Does the Earth and its creatures, landscapes and elements have intrinsic value, therefore having a right to evolve and actualize as we think we do?

Does the universe have a purpose and is our human evolution tied to that of the universe such that we also have a purpose and destiny to fulfill?     

There are a number of proposed utopian scenarios that have been formulated by thinkers such as Loren Eiseley, Baker Brownell, Aldous Huxley, Gary Snyder and Paul Shepard. Their ideas differ in how to fulfill human needs without resorting to exploitation and domination of the Earth but they all agree that our current ideologies and technologies are not viable at ensuring the sustainability of the biosphere and thus the human species. I would like to highlight the proposed ecotopian model of Gary Snyder as an example of a possible alternative to our current technological-industrial notion of society. Synder’s vision is derived from Zen Buddhism, Native American religion, lifestyles of primal cultures on various continents and insights from contemporary ecology.

Humans belong to nature and are participants in the scheme of existence. Given their significant capacities as sentient beings, they have a responsibility to respect all other entities and acknowledge the intrinsic worth of the biosphere. Using other entities for vital human needs appears justified as predation is a symbiotic reality of nature but we must also foster the wellbeing and self-actualization of those entities as well.  The Earth is over-populated and this development needs to be changed to sustainable levels at about half the present population. Natural resources have also been exploited to unsustainable levels and this practice must be reconfigured to the carrying capacity of the planet.

Our industrial-technological and consumptive lifestyles mainly foster the acquisition of material wealth and power and do not adequately address the primary human needs of individual interests and purpose, healthy interpersonal relationships and spiritual endeavors. People should learn to live with fewer creature comforts and promote and ensure an equal distribution of goods and services among its populous. Economics must be viewed in the context of supporting humanities goals of self-actualization and promoting ecological lifestyles.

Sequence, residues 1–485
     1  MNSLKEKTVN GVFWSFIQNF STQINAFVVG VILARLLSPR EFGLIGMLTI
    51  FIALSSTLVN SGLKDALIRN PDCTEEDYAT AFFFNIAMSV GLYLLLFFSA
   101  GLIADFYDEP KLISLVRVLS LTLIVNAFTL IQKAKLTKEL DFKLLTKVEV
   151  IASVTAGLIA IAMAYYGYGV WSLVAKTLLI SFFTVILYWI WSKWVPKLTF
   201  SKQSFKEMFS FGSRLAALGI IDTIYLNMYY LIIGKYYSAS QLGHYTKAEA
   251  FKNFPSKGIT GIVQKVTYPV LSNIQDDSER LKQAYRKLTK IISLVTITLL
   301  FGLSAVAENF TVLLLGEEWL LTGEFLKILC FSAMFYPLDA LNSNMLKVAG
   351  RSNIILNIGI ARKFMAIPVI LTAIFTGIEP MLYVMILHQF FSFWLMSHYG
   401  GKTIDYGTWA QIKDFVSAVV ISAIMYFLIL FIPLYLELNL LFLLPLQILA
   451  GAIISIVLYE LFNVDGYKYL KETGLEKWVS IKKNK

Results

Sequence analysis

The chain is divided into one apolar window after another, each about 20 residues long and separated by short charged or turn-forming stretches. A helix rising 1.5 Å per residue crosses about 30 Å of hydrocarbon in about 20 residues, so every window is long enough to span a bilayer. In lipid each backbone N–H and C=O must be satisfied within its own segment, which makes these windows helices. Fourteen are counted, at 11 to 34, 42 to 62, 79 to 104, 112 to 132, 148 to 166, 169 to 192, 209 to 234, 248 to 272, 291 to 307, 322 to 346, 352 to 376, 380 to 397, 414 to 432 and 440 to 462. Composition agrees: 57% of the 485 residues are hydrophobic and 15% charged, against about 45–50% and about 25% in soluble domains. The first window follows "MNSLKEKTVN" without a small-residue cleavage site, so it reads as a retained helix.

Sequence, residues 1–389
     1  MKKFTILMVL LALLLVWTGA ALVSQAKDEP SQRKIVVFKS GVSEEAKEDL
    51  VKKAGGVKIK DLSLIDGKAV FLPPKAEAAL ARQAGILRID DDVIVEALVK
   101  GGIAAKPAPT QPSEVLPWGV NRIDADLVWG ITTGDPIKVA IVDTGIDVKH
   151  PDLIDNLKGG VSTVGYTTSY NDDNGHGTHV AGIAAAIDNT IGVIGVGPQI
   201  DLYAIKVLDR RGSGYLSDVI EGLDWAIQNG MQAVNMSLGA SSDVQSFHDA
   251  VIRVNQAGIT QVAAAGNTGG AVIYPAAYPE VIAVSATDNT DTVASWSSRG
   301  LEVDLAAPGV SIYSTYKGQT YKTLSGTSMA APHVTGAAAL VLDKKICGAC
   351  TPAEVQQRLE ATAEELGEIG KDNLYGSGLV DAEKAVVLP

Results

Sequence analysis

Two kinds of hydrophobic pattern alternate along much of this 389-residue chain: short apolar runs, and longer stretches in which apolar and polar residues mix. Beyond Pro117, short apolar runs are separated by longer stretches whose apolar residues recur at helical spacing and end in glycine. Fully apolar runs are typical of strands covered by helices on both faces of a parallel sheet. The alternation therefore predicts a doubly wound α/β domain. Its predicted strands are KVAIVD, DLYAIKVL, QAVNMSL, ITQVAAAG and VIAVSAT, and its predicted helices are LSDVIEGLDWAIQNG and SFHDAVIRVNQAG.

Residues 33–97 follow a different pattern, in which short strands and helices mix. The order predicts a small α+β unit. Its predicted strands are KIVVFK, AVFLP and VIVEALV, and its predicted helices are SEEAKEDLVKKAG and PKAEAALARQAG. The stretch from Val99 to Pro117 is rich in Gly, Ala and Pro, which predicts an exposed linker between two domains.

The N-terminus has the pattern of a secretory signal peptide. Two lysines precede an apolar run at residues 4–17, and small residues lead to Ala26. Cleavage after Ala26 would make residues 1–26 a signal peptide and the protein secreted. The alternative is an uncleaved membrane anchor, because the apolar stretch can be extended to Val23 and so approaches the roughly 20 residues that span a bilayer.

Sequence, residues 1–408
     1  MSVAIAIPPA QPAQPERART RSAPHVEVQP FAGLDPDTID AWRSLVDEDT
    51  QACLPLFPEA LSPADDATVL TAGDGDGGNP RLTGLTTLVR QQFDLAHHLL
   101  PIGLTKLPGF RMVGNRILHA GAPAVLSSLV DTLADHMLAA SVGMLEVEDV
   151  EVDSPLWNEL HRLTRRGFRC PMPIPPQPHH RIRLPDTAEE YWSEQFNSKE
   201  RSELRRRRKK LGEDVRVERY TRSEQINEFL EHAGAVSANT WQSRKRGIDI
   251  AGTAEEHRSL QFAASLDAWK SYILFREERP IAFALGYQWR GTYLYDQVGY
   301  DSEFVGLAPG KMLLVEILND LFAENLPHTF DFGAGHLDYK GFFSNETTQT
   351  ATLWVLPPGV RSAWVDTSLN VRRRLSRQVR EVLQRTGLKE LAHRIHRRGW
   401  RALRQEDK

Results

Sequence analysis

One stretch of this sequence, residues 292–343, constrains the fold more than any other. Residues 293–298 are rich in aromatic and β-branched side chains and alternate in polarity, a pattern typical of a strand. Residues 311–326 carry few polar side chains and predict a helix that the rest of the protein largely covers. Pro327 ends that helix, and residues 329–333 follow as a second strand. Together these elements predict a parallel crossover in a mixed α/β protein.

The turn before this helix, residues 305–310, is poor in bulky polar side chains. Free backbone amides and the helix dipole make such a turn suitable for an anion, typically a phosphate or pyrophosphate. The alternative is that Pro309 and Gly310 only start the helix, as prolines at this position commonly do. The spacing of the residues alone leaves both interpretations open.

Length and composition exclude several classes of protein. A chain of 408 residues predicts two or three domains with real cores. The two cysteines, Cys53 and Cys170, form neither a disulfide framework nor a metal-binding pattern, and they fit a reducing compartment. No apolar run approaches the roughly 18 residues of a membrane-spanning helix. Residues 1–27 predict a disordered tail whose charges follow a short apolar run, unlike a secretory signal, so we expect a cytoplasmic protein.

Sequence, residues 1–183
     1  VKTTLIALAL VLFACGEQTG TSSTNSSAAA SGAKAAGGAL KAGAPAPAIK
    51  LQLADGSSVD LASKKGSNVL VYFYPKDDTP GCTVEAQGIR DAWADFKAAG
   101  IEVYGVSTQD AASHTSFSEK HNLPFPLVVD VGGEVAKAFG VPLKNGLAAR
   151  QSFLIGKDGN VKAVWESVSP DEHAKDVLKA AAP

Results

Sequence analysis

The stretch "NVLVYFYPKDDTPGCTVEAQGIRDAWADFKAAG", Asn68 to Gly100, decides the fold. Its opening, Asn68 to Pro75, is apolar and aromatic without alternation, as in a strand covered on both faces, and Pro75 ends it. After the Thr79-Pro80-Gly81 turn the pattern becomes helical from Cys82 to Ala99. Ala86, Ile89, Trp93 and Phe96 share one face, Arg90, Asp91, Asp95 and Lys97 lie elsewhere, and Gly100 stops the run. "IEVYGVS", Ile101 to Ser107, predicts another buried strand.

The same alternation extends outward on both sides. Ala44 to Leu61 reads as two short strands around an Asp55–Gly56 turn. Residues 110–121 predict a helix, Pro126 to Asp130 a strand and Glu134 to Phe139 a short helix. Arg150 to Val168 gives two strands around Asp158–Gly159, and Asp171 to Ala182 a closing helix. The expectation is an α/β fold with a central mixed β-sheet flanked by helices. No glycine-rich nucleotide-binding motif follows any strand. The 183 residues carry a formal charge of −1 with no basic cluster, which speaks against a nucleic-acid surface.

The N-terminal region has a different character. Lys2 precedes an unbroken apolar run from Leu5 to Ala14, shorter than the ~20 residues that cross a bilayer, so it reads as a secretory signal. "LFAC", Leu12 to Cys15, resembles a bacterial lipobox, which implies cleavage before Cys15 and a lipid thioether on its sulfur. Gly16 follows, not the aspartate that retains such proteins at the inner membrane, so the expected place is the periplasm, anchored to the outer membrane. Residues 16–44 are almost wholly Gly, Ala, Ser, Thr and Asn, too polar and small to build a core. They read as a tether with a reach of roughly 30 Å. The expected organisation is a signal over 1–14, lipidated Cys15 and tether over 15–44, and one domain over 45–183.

Humanity is capable of significant and extensive social and ecological reform that would transform our species into one that is eco friendly, sustainable, reverent, harmonious and grateful to be a loyal inhabitant of this planet. We must begin this transformation immediately or forfeit our chances of further evolutionary adventure. Our current social systems and technologies must all be converted to eco friendly entities that allow our habitat to remain in its natural state and continue to evolve unfettered by human encroachment. We should look to our primal ancestors for the wisdom they knew that allowed them to live in harmony with Gaia. We should also utilize the advanced knowledge gained through the hard sciences and technology to forward our maturation in relationship to the natural world, always considering its needs and purpose.